Electronic Thesis and Dissertation Repository

Degree

Master of Science

Program

Biochemistry

Supervisor

Dr. Gary Shaw

Abstract

Mutations in the gene encoding parkin (PARK2) result in familial early onset forms of Parkinson’s disease (PD) based on the loss of parkin’s E3 ubiquitin ligase function. Protein misfolding is a common molecular feature of most neurodegenerative diseases, including PD. To test whether parkin misfolding also plays a role in the more common spontaneous PD, we established and functionally characterized a parkin yeast model. We found that oxidative and protein folding stress, parkin point mutations and truncations, and parkin’s interaction with the PD-associated kinase PINK1 profoundly alter parkin’s subcellular localization and toxicity. Notably, these conditions also induce parkin fragmentation, degradation, and potentially misfolding, all of which may contribute to PD pathogenesis. Future research presents great potential to establish parkin misfolding as a promising new therapeutic target for PD.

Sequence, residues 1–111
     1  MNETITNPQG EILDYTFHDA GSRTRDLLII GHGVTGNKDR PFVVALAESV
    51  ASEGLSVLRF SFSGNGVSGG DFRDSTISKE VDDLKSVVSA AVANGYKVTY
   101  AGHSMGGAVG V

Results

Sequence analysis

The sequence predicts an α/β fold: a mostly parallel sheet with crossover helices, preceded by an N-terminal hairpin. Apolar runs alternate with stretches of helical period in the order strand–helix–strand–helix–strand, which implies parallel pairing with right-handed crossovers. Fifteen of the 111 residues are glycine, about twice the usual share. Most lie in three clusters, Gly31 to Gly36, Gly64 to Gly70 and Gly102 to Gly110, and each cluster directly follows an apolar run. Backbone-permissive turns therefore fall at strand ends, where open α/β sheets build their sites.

Available for download on Friday, June 01, 2018


Included in

Biochemistry Commons

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